Monday, July 03, 2006

European Union Slams MasterCard® (click here)

Just days after MasterCard® thought they won a move on the legal game board they immediately issued a press release. This may have energized its public relations hacks. But, just as quickly, the credit card association was again shoved back by the latest European Union notice.

Even larger than Britain's Office of Fair Trade investigation, is the European commissions weight. The EU is now overshadowing and charging that MasterCard® and Visa® practice restrictive, anti-competitive fixing of merchant interchange fees that millions of retailers must pay for accepting its payment cards.

While MasterCard's® website crafted a lawyerly explanation how they and Visa® are "independent", remember, both have been owned by the same banks. With the wink of an eye, they are just as "independent" as two siblings with the same parents. But, this time they again stand accused of hampering competition between the banks.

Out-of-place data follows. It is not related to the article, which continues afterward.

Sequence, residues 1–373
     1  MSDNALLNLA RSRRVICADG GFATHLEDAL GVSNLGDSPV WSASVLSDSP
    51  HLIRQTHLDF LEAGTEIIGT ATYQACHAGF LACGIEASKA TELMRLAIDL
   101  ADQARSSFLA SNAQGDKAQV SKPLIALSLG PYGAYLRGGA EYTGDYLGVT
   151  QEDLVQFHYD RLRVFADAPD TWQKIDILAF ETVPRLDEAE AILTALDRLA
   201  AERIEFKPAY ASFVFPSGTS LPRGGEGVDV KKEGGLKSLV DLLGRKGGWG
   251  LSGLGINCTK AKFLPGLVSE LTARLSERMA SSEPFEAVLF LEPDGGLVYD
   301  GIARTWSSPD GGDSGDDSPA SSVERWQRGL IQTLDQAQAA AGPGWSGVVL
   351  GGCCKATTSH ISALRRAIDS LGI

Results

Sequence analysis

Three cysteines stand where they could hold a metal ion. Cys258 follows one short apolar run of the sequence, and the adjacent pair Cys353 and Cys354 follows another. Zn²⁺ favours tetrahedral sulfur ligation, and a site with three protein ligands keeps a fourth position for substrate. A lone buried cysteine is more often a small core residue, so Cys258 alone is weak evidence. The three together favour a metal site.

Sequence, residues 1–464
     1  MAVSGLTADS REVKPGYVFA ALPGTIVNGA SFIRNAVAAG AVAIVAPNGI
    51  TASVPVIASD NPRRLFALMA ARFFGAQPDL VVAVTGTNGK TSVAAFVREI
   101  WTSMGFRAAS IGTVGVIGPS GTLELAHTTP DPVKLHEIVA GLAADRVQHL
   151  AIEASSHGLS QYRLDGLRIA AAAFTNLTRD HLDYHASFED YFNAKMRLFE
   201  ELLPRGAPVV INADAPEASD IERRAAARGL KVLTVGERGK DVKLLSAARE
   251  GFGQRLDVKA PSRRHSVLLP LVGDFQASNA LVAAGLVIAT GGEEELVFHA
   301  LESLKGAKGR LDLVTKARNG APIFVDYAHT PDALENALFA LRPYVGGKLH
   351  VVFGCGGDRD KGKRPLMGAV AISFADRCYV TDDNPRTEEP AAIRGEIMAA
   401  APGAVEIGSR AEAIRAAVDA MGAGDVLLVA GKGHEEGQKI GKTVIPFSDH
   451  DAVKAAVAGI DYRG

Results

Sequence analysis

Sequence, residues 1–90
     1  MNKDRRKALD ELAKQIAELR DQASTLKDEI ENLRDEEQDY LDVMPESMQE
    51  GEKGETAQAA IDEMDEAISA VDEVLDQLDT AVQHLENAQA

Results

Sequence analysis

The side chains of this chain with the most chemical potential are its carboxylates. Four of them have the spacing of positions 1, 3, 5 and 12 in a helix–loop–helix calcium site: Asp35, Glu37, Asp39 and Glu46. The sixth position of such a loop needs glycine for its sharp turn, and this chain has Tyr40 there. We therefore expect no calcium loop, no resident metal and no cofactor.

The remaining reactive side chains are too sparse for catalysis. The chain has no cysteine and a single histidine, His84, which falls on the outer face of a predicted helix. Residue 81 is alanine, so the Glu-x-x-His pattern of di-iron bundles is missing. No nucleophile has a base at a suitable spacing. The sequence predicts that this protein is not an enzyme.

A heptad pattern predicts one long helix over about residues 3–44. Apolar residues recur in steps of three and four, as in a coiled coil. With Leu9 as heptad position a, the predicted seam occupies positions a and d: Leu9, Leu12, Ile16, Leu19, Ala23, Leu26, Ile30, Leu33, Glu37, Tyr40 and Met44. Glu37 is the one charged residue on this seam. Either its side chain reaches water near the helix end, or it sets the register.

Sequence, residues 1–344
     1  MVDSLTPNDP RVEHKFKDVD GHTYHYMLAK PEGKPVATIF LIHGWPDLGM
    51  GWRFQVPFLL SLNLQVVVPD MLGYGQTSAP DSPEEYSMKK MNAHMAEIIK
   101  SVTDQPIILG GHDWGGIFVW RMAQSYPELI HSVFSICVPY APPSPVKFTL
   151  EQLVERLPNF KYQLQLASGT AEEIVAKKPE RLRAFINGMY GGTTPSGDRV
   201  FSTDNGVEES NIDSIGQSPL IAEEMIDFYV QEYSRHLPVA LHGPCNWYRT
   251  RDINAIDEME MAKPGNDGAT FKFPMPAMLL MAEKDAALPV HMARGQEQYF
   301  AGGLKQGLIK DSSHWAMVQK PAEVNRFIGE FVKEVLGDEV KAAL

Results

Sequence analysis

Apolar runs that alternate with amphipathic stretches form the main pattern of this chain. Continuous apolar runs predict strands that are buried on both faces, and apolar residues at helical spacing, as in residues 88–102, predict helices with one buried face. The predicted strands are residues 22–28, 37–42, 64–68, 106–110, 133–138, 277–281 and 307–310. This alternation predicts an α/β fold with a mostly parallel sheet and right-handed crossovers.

Rarely have we encountered such a deliciously blatant media misstep as was their rush to hastily wipe their hands before getting sharply slapped again. MasterCard's® website posted a reply countering our assertion that we believe they practice illegal, collusive price-fixing by agreement.

The New York Times' Paul Meller (Sat, July 1) reported that if the European Commission "rules against MasterCard®, the company could be forced to end a transaction charge known as a cross-border interchange fee." This also raises another question about why interchange fees are not cost-based but are a fraction of the level paid by U.S. merchants.

We would think that fraud rates and technology disadvantages are greater in less developed nations. Yet, as reported in the NYT's, "in Europe, the fees range from 0.8 percent of the value of a transaction when it involves a card with a computer chip to 1.3 percent when it involves a signature-based transaction." The average rate in the U.S. is 1.70 percent. The new American Express®-branded bank cards is expected to be much higher.

[source: WayTooHigh commentary, with link to June 29, Reuters article]